I understand that I do not share the viewpoint of the majority of the board when I say that it should be up to individual teams to choose the types of quizzing contests in which they participate, and they should be able to make these choices based on their own goals and desires. And if you're referring in particular to the patronization of a particular Hammond tournament up against a particular TJ tournament, you'll note that I mentioned in my post that the Hammond tournament had been on the same weekend for a large number of years, meaning that TJ not at least speaking to Hammond meant they weren't really paying attention when they chose to schedule their tournament on that weekend. So what's your issue with this? Is it really that I'm out of line for suggesting that someone support a tournament which had been on the same weekend for a large number of years, or is it simply that I happen to support types of tournaments that you (and most members of the board hierarchy) do not, but you choose for some reason to harp on the fact that TJ happened to post their tournament to the board first even though Hammond had been (predictably) planning to use that date the entire time.

The worst part of all this, though, is that we're even discussing these issues in this thread. What difference does it make who is making the call? What significance do any of their opinions or actions have beyond making the call for civil tone in the first place? You're saying my opinion as to which school had more "dibs" on a date is somehow related to the relevance of an argument on tone? The answer is that there is no such significance or relevance. Because I happen to hold some unpopular views, that means I'm malicious to pyramidal quizbowl, and that automatically makes any of my suggestions or opinions bad? Surely you can see the flaws in logic here. Even if we suppose that my unpopular views are incorrect, I have yet to see a logical and convincing argument that calls to make the board a nicer place with the intent of attracting and retaining more people in quizbowl will somehow be detrimental to quizbowl.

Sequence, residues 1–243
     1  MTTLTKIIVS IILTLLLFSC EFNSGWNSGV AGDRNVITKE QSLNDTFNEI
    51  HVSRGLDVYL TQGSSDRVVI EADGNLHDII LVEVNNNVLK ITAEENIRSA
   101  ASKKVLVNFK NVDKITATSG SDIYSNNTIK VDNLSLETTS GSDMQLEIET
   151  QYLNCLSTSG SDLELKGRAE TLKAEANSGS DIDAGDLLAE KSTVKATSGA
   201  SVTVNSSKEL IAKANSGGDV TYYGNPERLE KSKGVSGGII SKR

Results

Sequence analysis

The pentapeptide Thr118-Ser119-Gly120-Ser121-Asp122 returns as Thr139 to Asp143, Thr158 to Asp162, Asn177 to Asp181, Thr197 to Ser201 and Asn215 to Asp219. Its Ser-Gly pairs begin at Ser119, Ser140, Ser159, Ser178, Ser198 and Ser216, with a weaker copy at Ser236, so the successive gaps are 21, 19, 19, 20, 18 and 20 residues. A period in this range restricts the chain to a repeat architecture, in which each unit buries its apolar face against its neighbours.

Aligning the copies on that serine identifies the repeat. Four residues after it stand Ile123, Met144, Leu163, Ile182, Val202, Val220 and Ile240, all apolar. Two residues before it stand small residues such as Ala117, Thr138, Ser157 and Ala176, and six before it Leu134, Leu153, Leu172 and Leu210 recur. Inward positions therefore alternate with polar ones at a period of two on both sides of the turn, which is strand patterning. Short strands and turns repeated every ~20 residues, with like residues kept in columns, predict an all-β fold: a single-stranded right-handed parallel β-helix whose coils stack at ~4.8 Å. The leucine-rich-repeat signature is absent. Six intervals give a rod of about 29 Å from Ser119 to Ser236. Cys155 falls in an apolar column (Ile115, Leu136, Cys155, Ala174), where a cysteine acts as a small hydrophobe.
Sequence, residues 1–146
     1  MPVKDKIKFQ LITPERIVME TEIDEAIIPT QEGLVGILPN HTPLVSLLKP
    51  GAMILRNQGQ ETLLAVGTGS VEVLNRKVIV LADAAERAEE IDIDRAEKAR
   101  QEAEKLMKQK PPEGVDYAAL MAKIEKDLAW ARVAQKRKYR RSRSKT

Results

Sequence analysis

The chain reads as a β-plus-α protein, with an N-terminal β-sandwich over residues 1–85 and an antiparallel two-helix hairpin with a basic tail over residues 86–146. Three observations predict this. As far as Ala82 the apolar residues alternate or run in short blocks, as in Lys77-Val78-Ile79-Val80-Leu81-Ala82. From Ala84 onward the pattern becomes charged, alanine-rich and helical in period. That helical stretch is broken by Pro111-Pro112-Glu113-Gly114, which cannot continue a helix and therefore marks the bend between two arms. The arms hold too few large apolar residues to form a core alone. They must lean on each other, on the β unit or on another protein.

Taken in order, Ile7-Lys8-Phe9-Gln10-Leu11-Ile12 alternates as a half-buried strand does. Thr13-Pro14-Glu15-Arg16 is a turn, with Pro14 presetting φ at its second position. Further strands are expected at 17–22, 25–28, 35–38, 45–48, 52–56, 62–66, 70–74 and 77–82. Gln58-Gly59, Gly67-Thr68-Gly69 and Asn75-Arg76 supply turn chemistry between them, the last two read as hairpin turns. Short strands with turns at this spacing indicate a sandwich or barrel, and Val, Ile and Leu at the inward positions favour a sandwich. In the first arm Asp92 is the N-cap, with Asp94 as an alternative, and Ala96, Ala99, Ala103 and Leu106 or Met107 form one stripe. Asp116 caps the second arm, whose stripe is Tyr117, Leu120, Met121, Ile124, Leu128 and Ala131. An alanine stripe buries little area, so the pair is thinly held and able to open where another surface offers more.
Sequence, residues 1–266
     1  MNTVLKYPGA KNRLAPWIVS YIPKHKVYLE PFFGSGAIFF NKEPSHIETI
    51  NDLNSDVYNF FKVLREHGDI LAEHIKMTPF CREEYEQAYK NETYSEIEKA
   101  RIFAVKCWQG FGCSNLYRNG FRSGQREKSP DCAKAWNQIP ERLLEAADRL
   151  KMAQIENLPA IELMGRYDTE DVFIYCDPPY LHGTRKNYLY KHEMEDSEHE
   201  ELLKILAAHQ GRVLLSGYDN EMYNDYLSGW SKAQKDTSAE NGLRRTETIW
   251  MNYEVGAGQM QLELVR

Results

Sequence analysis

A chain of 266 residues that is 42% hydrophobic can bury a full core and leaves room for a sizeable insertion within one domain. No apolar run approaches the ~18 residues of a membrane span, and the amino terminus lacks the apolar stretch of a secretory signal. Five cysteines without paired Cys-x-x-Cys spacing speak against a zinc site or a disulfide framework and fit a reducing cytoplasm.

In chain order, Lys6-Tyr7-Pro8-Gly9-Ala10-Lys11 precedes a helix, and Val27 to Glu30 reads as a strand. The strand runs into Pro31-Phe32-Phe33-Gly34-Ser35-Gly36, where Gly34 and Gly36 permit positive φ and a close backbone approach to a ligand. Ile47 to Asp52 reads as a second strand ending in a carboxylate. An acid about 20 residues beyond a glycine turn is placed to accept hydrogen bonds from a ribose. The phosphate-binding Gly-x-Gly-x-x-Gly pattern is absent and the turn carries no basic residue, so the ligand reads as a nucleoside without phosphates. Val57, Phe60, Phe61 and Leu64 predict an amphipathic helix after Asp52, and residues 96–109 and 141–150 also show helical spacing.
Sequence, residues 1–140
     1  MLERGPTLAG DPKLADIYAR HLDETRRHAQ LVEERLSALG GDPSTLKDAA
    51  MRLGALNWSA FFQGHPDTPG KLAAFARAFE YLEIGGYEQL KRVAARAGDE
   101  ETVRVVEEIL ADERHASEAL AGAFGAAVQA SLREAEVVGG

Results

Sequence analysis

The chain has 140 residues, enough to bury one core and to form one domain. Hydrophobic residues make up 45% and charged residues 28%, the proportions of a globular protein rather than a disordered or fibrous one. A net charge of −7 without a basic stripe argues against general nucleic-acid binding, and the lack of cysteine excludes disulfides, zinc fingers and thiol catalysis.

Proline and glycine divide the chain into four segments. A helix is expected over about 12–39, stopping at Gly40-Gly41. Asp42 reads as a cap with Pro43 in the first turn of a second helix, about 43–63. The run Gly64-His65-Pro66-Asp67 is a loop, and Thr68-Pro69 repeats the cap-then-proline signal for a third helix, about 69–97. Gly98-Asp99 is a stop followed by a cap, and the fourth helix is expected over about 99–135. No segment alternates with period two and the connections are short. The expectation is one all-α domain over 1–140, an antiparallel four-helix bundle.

Matt Weiner wrote:The VAST majority of cries for "civility" or moderation in "tone" come from people who do not, in fact, support good quizbowl and just wish to see, e.g., anyone who contradicts John Gilbert's wildly illogical defenses of speed check tossups banned. That's a fact.
Fact? Really? I don't recall ever wishing to see anyone banned for differing from my opinion. And I challenge anyone to find evidence to the contrary. Nor do I remember any such posts from anyone else which might happen to share my opinions. So I say, unless you have powers of ESP to know what people are thinking, this is a lie.
Matt Weiner wrote:Certainly, people have made and will continue to make arguments for the efficacy of using a different tone to promote good quizbowl that do come from the right place, but this is not the norm and I think that some of the ridiculous assertions that get bandied about regarding "new people" being "attacked", the rules being applied unevenly, or, on an even more puzzling plateau, board administrators going after the "lifestyles" of certain posters (???), just don't have any empirical evidence behind them.
Again, the sources of identical arguments are the barometer by which their correctness is measured? We should be able to use better logic than that here. As for "lifestyles," I'm not sure what that's all about. There seems to be a concrete and evenly-enforced policy with which I agree. Ultimately, you're right regarding empirical evidence. I'd like some, and if I had the time, I could go back and perhaps create some. But I currently see this as a project that, if I undertook, it would wind up never getting finished. If someone were actually willing to go and take some sort of random sampling or otherwise, I'd certainly be interested in actual empirical data regarding rules that were violated and actions that were taken.
Matt Weiner wrote:You don't REALLY want the board staff to be zapping every post that isn't logical, you want to be able to denounce every post that YOU decide is "uncivil." That's one of the cruxes of the issue--if we banned "ad hominem attacks*" and other forms of bad logic, we'd certainly just run off bad quizbowl arguments at the get-go, since they are by definition irrational, as well as a great deal of things posted by the biggest fans of "civility."